For all these reasons, cutters will orientate the sapphire to get the best colour when “face up”. That the direction that you see when looking down in the gem.
if the colour zoning is kept in the horizontal plane, when viewing the sapphire face up you won’t see / notice the colourless zones of the sapphire. This is a reason why some sapphires are “bottom heavy” it’s to help promote the intensity of colour and maintain carat weight. Sometimes cutters have to choose between size and clarity and colour for the “result”.
Sapphires contain rutile inclusions or “silk” when this is excessive it can make the sapphire cloudy so that’s why sapphires are heat treated. It breaks up the silk and makes the sapphire more transparent..
Kashmir sapphires are known for their extremely fine silk that causes the famous “glow” but as with all things, too much silk can cause cloudiness. With a Kashmir sapphire it’s unheated status is very important to its value so often it remains unheated despite its cloudiness.
Thankyou for this!!
I think the term I was missing was *dichroic*.
I did come across some cutting information that really helped to understand.
I really appreciate your time (and patience). You gave me exactly what I needed to know!
 

LightBright

Brilliant_Rock
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Thanks for this fascinating discussion. Super cool!

Bron, is there any thing to look for that distinguishes Kashmir sapphires from others? are they typically dichroic with large portions of Kashmir stones being clear not color? Do other sapphire types (regions) display similar stratification of clear/milky then intensely colored in straight layers of bands? Just curious.
 

Beautiful-disaster

Shiny_Rock
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Thanks for this fascinating discussion. Super cool!

Bron, is there any thing to look for that distinguishes Kashmir sapphires from others? are they typically dichroic with large portions of Kashmir stones being clear not color? Do other sapphire types (regions) display similar stratification of clear/milky then intensely colored in straight layers of bands? Just curious.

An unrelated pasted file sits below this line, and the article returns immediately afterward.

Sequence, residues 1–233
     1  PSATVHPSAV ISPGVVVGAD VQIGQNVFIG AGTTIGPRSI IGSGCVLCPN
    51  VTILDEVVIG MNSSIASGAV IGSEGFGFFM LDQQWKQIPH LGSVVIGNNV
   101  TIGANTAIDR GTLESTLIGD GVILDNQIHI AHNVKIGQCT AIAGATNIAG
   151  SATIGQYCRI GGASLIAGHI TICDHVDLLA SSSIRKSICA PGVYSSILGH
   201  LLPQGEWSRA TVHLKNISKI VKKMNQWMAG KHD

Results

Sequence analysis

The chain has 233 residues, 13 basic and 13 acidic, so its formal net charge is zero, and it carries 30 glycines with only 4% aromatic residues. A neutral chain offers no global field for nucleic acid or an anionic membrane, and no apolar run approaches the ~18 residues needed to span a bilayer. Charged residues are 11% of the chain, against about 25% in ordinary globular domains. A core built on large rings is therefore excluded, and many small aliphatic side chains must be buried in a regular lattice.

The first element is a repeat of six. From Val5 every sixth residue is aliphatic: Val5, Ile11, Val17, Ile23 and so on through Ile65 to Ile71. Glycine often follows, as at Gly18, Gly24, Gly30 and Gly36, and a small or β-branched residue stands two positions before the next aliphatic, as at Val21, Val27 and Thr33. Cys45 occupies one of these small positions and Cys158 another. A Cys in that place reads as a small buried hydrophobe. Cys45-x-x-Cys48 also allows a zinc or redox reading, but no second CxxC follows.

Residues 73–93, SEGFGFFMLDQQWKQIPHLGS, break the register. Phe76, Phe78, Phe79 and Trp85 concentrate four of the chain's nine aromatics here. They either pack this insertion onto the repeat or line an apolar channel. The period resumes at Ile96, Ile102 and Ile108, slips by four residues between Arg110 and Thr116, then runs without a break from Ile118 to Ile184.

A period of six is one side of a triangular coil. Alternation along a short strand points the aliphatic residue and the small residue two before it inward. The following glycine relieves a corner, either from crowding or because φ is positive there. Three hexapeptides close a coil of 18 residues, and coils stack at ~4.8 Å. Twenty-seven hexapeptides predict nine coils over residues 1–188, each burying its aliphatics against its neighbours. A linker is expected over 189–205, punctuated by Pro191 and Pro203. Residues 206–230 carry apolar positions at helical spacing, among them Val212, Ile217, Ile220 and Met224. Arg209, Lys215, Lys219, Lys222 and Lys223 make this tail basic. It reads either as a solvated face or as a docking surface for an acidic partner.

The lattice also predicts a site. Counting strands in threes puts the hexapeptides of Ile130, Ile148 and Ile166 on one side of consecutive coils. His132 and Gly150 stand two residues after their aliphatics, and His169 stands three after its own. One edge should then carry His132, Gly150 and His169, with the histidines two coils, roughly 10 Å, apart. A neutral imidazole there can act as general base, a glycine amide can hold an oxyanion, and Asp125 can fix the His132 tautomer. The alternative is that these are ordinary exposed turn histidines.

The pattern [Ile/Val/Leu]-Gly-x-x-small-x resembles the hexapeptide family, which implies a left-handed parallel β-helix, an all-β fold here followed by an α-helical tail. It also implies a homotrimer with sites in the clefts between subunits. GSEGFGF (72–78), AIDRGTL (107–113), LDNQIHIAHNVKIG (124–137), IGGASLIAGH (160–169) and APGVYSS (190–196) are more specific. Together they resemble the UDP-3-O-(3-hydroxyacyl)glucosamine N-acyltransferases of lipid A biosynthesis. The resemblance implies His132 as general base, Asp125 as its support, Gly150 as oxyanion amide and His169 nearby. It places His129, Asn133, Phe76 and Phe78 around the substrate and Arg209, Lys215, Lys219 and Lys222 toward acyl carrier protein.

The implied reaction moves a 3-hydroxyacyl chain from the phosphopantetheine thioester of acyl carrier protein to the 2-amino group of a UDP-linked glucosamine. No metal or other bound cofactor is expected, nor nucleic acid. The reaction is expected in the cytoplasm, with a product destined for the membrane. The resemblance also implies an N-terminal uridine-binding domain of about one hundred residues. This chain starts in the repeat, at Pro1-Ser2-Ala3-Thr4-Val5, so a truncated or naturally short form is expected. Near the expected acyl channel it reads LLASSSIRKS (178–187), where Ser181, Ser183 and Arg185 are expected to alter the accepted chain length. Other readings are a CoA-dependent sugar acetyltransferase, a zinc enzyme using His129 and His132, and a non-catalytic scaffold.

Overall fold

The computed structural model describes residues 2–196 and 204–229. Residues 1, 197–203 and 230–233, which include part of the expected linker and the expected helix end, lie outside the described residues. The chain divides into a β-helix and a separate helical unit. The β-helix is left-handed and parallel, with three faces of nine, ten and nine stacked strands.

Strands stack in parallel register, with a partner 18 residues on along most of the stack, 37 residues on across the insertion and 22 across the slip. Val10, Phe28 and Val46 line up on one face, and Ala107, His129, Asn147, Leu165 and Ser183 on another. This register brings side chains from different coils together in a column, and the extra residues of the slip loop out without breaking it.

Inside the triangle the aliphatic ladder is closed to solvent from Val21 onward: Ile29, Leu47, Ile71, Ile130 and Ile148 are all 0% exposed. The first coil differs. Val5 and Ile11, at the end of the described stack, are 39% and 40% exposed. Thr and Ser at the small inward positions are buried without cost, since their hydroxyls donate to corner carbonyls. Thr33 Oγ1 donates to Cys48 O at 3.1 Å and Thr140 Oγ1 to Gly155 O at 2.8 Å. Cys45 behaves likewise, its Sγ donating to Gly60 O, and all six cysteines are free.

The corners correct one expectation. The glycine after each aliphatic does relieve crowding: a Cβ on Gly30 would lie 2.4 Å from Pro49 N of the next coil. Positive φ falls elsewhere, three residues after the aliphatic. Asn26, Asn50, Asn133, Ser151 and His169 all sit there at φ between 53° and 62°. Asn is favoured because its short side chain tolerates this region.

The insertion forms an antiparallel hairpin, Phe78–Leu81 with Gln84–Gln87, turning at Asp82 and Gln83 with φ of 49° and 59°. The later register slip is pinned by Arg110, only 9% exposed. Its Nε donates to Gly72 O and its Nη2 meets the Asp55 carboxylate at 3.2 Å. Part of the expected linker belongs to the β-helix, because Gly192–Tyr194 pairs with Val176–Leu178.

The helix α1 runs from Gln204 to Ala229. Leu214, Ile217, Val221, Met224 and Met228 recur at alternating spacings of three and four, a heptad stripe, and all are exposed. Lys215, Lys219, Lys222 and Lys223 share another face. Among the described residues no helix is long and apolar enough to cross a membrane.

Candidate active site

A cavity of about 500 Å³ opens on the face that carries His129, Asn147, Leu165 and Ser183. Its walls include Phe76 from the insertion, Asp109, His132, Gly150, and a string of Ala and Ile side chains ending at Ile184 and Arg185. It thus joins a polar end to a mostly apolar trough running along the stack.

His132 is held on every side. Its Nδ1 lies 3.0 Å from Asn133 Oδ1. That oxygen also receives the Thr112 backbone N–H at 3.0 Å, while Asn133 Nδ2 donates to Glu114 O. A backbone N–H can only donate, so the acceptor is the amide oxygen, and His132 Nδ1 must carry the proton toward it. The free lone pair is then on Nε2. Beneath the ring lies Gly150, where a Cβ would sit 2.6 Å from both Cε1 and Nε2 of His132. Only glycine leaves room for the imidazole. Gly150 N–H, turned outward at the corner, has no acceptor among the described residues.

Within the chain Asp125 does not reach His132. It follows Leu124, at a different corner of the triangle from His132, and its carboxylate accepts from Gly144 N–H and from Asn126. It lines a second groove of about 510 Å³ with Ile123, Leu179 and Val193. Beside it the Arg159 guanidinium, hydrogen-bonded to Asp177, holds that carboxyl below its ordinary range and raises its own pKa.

Yes - please - everything Lightbright said. :lol-2:
I found this to be helpful for me to see how/why they are cut the way the are. BD226037-E583-4A92-A7D8-0EECA9D22DC5.png
 

Bron357

Ideal_Rock
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Determining origin of gemstones can be relatively simple if there are certain inclusions that are only found at “x” location. Other times a detailed chemical analysis reveals trace elements again attributable to a particular location. Paraiba Tourmalines are an example, when copper bearing they are usually attributed to a Brazilian origin. Without the copper they can’t be called Paraiba. Paraiba tourmaline can be blue or green or even red, it’s the presence of copper that determines that moniker.
Kashmir sapphires are known to contain a microscopic type of inclusion that reflects light to create a unique glow. There are also inclusions of other crystals that can be attributed to Kashmir and some Burmese sapphires.
Again Kashmir is an origin but it does get used as a descriptive “hue /tone”. Not all Kashmir sapphires are the beautiful glowing blue and not all beautiful glowing blue sapphires are Kashmir!